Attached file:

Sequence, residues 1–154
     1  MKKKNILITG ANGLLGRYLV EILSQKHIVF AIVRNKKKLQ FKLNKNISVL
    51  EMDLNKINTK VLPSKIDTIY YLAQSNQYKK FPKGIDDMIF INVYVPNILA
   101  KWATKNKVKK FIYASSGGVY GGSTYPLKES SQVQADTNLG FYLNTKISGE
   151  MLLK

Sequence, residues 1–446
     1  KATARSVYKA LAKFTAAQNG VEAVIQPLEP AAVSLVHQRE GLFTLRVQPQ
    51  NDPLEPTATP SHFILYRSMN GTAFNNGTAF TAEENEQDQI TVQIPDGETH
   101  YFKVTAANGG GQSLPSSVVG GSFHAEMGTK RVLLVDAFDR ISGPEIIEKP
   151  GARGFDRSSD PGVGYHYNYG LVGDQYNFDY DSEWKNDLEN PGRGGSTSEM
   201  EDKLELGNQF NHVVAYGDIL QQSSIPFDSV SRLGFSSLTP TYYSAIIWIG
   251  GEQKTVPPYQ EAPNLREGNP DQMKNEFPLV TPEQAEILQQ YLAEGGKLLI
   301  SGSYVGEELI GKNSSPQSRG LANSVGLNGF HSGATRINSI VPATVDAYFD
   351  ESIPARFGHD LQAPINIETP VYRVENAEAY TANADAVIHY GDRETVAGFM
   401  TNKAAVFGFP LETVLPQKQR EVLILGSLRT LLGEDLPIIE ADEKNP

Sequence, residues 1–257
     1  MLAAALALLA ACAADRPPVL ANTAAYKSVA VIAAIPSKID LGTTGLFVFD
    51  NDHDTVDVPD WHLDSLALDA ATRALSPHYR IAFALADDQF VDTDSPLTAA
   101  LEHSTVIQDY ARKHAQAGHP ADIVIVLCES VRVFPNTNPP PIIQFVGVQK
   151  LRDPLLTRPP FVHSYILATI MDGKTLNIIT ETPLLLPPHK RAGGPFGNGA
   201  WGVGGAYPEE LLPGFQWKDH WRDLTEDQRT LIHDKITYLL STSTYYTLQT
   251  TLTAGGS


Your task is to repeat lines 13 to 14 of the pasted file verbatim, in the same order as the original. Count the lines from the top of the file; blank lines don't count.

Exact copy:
   301  SGSYVGEELI GKNSSPQSRG LANSVGLNGF HSGATRINSI VPATVDAYFD
   351  ESIPARFGHD LQAPINIETP VYRVENAEAY TANADAVIHY GDRETVAGFM